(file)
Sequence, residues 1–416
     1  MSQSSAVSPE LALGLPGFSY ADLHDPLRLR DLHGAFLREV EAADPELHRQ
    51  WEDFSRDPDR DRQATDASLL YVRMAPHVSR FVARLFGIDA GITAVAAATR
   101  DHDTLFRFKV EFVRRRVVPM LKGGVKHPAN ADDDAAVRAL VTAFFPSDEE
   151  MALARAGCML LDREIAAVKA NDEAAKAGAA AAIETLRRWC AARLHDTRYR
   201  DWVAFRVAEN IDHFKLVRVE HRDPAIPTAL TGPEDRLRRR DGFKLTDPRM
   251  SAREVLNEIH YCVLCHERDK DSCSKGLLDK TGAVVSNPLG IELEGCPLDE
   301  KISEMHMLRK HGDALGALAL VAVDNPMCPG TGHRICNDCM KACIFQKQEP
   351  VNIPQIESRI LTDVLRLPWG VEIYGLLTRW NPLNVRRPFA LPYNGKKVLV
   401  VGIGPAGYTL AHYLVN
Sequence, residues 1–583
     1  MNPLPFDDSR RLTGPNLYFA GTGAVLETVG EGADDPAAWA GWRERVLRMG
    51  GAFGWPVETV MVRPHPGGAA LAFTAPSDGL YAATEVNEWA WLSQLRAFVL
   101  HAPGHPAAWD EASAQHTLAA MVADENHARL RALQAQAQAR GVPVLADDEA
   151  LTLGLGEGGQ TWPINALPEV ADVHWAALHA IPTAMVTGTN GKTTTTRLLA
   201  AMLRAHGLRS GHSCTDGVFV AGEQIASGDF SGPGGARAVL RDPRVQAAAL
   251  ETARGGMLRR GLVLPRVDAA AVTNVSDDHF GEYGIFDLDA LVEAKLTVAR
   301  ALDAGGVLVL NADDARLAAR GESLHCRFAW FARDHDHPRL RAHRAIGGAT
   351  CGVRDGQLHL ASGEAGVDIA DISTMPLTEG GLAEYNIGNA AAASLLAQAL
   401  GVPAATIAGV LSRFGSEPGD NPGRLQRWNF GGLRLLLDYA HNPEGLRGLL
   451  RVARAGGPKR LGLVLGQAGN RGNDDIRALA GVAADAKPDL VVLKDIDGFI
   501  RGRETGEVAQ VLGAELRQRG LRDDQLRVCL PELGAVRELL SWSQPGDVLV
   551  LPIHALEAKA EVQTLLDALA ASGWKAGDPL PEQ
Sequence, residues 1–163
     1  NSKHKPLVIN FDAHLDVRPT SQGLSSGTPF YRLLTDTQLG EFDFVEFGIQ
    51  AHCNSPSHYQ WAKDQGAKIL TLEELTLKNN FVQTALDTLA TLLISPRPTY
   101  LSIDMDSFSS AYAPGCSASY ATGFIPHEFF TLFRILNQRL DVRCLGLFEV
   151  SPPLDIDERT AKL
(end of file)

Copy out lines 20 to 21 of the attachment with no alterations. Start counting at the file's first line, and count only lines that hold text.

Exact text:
   401  GVPAATIAGV LSRFGSEPGD NPGRLQRWNF GGLRLLLDYA HNPEGLRGLL
   451  RVARAGGPKR LGLVLGQAGN RGNDDIRALA GVAADAKPDL VVLKDIDGFI